And so the result is something really quite challenging, often on the cusp of making the breakthrough to become the musical it ought to be but all too rarely making it. The main problem lies in a distinct lack of purpose to both Yazbek’s score and Jeffrey Lane’s book, even as it cleaves closely to the original film with its web of Madrid women with intricately connected love-lives circling around the same feckless men over the course of a tumultuous 48 hours. Continue reading “Album Review: Women on the Verge of a Nervous Breakdown (2011 Original Broadway Cast Recording)”
“All the women around here are perfect sex-kitten bimbos. All the men are drooling nerds. Doesn’t that seem strange?”
There’s something pretty amazing about how bad the 2004 remake of The Stepford Wives, especially given the acting talent it managed to accrue. Nicole Kidman, Glenn Close, Christopher Walken, Matthew Broderick, Bette Midler…all tempted by Ira Levin’s original novel and director Frank Oz and all abused by the Hollywood machine at its very worst. I knew a little of the film’s troubled history beforehand but I think my favourite tidbit on reading up on it was finding out that Kidman refused to attend the premiere and decided instead to go to the Tonys to give Hugh Jackman an award.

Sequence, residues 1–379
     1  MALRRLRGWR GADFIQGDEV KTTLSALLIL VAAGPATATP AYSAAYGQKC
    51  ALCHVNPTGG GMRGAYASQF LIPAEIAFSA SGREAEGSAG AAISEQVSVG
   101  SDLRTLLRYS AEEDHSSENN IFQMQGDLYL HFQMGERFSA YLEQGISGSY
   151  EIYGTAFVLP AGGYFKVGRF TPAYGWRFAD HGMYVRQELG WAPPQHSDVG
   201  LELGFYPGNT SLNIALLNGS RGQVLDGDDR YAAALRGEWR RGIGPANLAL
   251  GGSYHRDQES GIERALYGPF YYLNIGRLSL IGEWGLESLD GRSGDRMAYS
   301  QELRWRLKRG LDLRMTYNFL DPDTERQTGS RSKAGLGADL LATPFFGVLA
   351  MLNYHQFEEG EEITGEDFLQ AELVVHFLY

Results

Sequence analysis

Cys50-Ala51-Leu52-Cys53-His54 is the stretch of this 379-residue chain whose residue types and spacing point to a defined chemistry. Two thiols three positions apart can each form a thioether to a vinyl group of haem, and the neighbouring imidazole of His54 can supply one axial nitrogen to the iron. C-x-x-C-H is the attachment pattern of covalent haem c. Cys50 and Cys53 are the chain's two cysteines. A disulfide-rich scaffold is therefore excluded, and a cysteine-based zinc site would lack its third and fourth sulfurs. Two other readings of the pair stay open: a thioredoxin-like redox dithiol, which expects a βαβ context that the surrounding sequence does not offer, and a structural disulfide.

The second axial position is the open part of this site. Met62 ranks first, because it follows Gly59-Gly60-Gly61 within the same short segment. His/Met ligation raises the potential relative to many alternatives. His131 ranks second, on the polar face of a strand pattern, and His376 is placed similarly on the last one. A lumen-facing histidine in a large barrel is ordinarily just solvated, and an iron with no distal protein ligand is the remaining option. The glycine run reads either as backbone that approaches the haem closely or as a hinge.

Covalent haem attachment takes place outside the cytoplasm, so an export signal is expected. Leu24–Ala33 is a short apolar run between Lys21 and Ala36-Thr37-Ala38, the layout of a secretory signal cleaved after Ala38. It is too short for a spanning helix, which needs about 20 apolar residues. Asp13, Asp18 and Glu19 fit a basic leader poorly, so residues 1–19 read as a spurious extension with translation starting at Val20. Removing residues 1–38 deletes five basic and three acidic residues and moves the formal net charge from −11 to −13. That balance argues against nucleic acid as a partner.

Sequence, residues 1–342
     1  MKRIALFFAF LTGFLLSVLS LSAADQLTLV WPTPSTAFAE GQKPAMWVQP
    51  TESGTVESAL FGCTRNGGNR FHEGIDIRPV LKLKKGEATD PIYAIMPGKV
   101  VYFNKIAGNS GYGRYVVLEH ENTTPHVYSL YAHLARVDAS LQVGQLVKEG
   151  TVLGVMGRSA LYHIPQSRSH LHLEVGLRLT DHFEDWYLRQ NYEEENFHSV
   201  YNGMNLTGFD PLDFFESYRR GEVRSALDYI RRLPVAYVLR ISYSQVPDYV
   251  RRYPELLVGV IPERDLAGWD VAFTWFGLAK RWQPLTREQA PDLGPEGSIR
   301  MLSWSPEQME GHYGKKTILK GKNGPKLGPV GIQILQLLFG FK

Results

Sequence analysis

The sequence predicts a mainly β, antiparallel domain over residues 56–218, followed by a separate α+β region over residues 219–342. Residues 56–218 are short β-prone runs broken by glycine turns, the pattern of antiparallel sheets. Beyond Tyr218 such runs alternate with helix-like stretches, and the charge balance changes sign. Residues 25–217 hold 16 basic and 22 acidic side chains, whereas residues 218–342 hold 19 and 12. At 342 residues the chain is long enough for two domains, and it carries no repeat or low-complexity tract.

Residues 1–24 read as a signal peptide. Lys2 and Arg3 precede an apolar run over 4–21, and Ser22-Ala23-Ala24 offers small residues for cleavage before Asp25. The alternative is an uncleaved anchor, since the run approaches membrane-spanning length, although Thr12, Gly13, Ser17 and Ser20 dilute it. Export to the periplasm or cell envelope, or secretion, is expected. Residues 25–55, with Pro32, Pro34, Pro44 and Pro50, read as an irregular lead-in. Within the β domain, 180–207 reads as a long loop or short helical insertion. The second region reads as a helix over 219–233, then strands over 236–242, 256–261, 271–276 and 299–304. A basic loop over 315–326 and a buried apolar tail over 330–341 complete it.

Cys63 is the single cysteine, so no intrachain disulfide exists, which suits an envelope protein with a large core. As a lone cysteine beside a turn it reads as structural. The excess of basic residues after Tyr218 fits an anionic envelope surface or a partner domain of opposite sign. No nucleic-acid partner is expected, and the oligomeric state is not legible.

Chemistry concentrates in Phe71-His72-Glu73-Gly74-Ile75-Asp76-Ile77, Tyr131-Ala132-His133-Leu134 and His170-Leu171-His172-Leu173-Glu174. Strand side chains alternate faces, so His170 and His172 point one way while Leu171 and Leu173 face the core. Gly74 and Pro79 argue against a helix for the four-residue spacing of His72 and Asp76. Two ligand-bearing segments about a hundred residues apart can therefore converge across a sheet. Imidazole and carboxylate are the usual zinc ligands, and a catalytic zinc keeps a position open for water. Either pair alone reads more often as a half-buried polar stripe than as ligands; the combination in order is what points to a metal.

It’s all the more frustrating that the raw ingredients were definitely there for something special. The satire of 1950s US society and in particular its notion of femininity remains as pointedly relevant as ever and as we’re introduced to Kidman’s Joanna Eberhart, a reality TV producer who is fired after pushing the boundaries too far, the updating seems to make sense. Swept away to the Connecticut town of Stepford by husband Walter (Matthew Broderick) to start a new life, it soon becomes apparent that there’s something up with the neighbours. Continue reading “DVD Review: The Stepford Wives”
“I wanted something when I came here 30 years ago but I forgot to write it down”
Is Follies a show you can really just listen to? Many clearly agree but having got through this double-disc cast recording of Eric Schaeffer’s production of Stephen Sondheim and James Goldman’s show from 2011, I’m not sure enough of it really translates on record. This is quite possibly coloured by the fact that I saw it for the first time earlier this year in a most fun semi-staged concert version at the Royal Albert Hall and memories are that are still strong.
So the interplay of past and present, the ghostly presence of the showgirls and the younger selves of the central foursome, doesn’t really come across. This recording tries to address that by including lengthy passages of scene-setting dialogue but without that initial familiarity with the material, it’s hard to see how much it would really help – plus there’s something moving in the sight of a group of veteran actors given such agency on a stage, it should definitely be produced more, difficult or no. Continue reading “Album Review: Follies (2011 New Broadway Cast Recording)”